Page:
Employers who offer wellness programs are helping reduce our nation’s medical care costs. We encourage employers to think about offering these types of programs:

 

  • Smoking cessation
  • Reimbursement for exercise programs
  • Annual blood draw analysis to detect cholesterol, blood pressure, and diabetes conditions
  • Walking programs
  • Weight management programs


Many of these are low or no cost to employers. The investment also pays huge dividends to both individuals and the business in the long run.

 

 

 

Five Tips for Managing Lower Back Pain

By: Julie Wolfley, DPT, OCS

 

While lower back pain is extremely common, the symptoms and severity can vary greatly. Here are five tips that can help you to manage the pain:

 

    • Maintain flexibility of hip and leg muscles by stretching once a day or every other day. The three main muscles to stretch are your hamstrings (15-30 times for each leg), hip flexors (30-second hold three times for each leg), and the piriformis muscle, an external rotator (30-second hold three times for each leg).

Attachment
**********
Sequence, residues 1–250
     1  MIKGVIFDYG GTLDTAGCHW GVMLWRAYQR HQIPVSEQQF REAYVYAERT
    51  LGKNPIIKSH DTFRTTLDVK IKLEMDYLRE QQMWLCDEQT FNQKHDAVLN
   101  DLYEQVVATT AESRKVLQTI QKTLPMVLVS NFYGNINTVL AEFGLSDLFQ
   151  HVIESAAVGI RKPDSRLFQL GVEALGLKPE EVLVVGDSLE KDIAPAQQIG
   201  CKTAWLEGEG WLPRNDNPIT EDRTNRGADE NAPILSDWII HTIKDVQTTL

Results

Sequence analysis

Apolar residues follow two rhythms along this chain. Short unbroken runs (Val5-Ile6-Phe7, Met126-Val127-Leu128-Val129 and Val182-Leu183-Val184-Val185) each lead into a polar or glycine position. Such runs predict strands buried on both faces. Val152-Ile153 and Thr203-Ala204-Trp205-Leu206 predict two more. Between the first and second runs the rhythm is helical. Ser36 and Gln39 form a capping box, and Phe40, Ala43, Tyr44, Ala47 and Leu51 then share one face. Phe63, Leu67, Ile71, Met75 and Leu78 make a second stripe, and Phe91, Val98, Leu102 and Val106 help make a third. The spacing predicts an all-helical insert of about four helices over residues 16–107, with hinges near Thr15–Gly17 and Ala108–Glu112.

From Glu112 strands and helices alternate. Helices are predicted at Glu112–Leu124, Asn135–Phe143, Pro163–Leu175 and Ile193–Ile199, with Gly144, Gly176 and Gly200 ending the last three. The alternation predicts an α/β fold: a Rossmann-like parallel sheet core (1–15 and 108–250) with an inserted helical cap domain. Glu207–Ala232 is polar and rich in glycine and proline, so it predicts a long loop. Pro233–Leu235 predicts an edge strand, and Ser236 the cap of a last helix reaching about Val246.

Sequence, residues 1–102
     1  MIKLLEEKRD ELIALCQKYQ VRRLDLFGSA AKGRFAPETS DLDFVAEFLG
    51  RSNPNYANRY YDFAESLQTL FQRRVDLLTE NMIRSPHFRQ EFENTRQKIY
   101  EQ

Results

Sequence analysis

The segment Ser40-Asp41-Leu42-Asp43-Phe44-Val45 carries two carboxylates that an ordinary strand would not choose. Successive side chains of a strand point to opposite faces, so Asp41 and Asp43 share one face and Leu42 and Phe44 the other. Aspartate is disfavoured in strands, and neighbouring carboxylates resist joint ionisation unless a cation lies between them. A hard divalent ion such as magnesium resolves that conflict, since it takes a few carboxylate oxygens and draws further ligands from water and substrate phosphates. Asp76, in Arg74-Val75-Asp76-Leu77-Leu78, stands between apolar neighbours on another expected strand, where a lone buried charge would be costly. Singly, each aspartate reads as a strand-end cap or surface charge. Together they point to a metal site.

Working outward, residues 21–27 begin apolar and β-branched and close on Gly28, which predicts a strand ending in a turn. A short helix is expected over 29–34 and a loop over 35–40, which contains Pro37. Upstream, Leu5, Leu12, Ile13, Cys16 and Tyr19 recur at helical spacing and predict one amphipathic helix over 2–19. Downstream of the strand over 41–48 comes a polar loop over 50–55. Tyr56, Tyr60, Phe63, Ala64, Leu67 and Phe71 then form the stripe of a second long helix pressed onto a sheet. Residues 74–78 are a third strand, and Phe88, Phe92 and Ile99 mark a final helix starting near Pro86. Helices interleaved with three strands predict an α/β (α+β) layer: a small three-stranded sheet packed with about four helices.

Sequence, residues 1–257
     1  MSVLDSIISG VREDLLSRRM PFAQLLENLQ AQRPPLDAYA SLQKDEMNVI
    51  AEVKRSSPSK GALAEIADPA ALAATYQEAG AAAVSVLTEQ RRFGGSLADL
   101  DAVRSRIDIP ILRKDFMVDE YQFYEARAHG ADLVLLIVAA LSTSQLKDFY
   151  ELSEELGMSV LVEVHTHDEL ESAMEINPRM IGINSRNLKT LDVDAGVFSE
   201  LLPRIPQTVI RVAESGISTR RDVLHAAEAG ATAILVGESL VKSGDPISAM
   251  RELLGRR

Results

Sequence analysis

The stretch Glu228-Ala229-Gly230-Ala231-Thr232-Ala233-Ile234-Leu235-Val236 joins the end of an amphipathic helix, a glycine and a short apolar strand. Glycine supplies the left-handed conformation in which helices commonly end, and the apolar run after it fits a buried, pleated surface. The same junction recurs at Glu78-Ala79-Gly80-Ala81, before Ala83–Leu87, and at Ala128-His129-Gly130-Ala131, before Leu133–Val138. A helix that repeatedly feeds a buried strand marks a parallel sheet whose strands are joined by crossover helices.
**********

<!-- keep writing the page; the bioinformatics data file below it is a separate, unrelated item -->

• Maintain core endurance with prone planks, side planks, and bridges. Start by doing the moves six times, holding each one for 10 seconds, and work your way up to one 60-second hold. Do these every other day.

 

 

 

 

 

 

 

 

 

 

 

 

 

      • Walk two to three times a week at a comfortable pace for at least 20 minutes.
      • Avoid lifting or carrying heavy objects that make you arch your back.
      • Take regular breaks (every 20-30 minutes) during any prolonged activity at home or work to avoid stressing your back.

 

If you do suffer from lower back pain and need to seek out a physical therapist, contact us here

 

 

 

Meet Rebecca Mason, DPT, at Our Saratoga Clinic

 1. What made you want to enter the healthcare field?

 

Entering the healthcare field (and PT in particular) stemmed from a long bout of rehab surrounding an amputated leg as a teenager. I went from being bedridden to walking, hiking, and farming again — all thanks to PT. They gave me my independence back, and that’s something I want to now help give others.

 

2. What do you enjoy most about working with Sports PT?

 

I love the team-working atmosphere that places a strong emphasis on quality, ethical, evidence-based, and fun patient care.

 

3. What is your favorite piece of advice that you give your patients?